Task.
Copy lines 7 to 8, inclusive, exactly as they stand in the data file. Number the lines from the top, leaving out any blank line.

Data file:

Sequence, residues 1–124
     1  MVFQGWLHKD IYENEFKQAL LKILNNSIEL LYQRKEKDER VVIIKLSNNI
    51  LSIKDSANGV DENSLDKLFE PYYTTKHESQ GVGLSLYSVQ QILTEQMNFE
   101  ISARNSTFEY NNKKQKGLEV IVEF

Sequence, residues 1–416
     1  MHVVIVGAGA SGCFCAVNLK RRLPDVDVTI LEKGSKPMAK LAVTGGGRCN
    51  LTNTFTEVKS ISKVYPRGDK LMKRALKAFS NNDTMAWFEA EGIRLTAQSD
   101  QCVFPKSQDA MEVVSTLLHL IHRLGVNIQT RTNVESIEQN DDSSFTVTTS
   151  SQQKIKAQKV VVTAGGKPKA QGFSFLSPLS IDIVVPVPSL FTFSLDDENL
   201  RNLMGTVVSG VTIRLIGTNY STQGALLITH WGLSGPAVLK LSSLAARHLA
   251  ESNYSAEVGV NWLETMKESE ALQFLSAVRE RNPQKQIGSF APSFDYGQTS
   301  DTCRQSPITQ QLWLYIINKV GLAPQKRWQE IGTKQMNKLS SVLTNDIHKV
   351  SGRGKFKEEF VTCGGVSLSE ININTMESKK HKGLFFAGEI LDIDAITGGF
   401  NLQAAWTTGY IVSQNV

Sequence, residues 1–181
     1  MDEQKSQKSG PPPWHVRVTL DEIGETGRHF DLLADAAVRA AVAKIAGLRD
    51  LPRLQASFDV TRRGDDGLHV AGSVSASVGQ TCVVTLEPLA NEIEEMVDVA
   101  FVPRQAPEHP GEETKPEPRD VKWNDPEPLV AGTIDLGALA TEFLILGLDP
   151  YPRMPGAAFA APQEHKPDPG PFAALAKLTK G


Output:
    51  LTNTFTEVKS ISKVYPRGDK LMKRALKAFS NNDTMAWFEA EGIRLTAQSD
   101  QCVFPKSQDA MEVVSTLLHL IHRLGVNIQT RTNVESIEQN DDSSFTVTTS